In the morning the view was more brightly lit, and on the terrace of the restaurant the splendid Pascal pushed the umbrellas this way and that until my table was in the shade, shielded from the rays of the sun. Then, with white napery and blue and yellow crockery by Villeroy & Boch on my table, I tucked into the delicious fare from the buffet: baked custards, pancakes, carrots, walnuts, melon, strawberries, pineapple and the most wonderful bread rolls – all washed down by coffee from silver pots and, of course, my concluding cappuccino.
The quality of this food led me to expect great things at dinner, and that expectation was not disappointed. (And, I need hardly say, the food here has to be good, to compete with magnificence of the view.) My picture shows both the Executive Chef, Pietro Volontè, and the Consultant Chef, Simone Zanoni. The latter commands the stoves of the two-star restaurant in the Trianon Palace Hotel at Versailles. The collaboration between these two gentlemen is producing some very fine food at the Villa Belrose, and I will not be at all surprised if Chef Volontè claims his own Michelin star before too long.
I began with a dish which was certainly of star-quality: langoustine and lobster ravioli, steamed in a Riesling bisque, with lemon marmalade and a bouillabaisse sauce. There was so much here which could have gone wrong, but it was exactly right, and its delicacy, subtle balance of tastes and textures and delightful presentation, made it a thrilling opening to my meal. Then a light tart with seasonal vegetables was almost as good, the accompanying red onion chutney and balsamic vinegar providing just the right ‘lifting’ of flavour. My main course was veal sirloin, cooked slowly with sage and served with celery and truffle millefeuille and mashed carrots with ginger. This was lovely meat, and my only hesitation about the dish was that I would have like more of it. I finished in a traditional manner with a rum baba, enlivened by lemon curd cream and basil gratiné. (These four courses were 188€. A tasting menu is offered for 140€.)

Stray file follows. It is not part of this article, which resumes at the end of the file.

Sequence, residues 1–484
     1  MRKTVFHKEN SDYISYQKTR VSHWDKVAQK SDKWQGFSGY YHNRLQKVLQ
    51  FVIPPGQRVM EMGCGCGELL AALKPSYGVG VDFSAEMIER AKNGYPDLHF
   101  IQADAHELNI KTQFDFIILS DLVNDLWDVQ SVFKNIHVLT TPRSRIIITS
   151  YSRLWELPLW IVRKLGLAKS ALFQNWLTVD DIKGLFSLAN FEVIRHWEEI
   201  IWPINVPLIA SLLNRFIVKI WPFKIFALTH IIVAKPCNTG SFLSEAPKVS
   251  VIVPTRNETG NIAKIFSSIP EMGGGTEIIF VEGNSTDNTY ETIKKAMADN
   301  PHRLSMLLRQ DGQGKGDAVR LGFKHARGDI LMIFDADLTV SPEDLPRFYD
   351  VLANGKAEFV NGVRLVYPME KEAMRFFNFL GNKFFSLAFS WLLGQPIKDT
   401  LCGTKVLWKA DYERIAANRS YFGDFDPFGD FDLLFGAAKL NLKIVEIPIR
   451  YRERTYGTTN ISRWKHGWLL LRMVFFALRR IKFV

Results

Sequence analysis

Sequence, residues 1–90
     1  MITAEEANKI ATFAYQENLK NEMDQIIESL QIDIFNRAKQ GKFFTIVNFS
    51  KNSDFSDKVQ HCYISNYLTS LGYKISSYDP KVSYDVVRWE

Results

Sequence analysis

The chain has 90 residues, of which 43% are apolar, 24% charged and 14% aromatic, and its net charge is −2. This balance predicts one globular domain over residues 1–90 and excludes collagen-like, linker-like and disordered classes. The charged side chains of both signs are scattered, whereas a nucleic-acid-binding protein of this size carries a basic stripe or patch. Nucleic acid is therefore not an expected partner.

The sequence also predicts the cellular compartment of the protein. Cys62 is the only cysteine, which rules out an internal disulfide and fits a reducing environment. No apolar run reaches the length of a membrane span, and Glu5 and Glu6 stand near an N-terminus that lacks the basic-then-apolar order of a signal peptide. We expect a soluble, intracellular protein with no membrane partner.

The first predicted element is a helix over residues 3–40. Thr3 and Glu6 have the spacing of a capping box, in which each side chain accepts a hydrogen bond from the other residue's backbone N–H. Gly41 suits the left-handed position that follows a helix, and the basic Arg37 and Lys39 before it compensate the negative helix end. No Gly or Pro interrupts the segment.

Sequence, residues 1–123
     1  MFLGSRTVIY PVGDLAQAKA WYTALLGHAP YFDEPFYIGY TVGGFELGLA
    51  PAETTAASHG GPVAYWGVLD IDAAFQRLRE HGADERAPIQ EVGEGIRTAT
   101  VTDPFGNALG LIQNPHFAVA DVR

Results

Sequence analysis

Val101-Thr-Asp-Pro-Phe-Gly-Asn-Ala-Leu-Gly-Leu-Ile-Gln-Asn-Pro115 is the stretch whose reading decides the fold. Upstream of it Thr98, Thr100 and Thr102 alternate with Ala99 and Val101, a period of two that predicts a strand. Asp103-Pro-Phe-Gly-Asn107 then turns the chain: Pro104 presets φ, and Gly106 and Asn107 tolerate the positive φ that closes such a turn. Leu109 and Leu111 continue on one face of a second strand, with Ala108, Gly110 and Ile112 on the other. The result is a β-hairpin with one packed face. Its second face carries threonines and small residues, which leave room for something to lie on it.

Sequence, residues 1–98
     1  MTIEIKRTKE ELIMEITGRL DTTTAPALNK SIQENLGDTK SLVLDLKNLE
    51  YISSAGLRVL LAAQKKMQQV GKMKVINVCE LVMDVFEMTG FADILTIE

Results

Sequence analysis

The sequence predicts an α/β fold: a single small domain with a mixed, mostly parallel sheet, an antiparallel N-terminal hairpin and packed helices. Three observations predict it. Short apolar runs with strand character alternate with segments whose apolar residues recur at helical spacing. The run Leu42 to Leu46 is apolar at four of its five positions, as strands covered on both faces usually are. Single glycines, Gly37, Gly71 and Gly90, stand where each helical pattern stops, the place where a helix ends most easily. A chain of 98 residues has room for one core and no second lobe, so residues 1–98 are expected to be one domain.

Sommelier Arthur Chabidon has 313 offerings on his all-French list, which include 27 magnums and 18 half-bottles. Prices run from 38€ for a local white (Perle de Roseline, 2013) to 5,100€ for the 2005 vintage of Pétrus and 3,800€ for a magnum of 2008 Cheval Blanc. Other bottles to catch my eye were: Krug Grande Cuvée (450€), 1995 Yquem (600€, half), 2001 Mouton Rothschild (1,950€), 2000 Cheval Blanc (2,250€) and 2006 Haut Brion (1,900€). Among the wine I had poured into the Schott Wiesel glasses was a delicious 2010 red Languedoc-Roussillon Vin de Pays d’Oc. This blend of cabernet, merlot and grenache was big, luscious, forward, bold and tightly packed with intense black fruit (Chateau Mas Neuf – 115€).
After this excellent dinner I returned to my own private terrace and looked up at the stars. The thought came to me then as it comes to me now: The Villa Belrose is a truly charming hotel.
Boulevard des Crêtes, La Grande Bastide, 83580 Gassin/St Tropez, France.
Telephone +33 (0)4 94 55 97 97
Fax +33 (0)4 94 55 97 98
Open: April – October
Double rooms from 485€-725€, according to season, including breakfast
Check the hotel website for the rates for specific dates and for special offers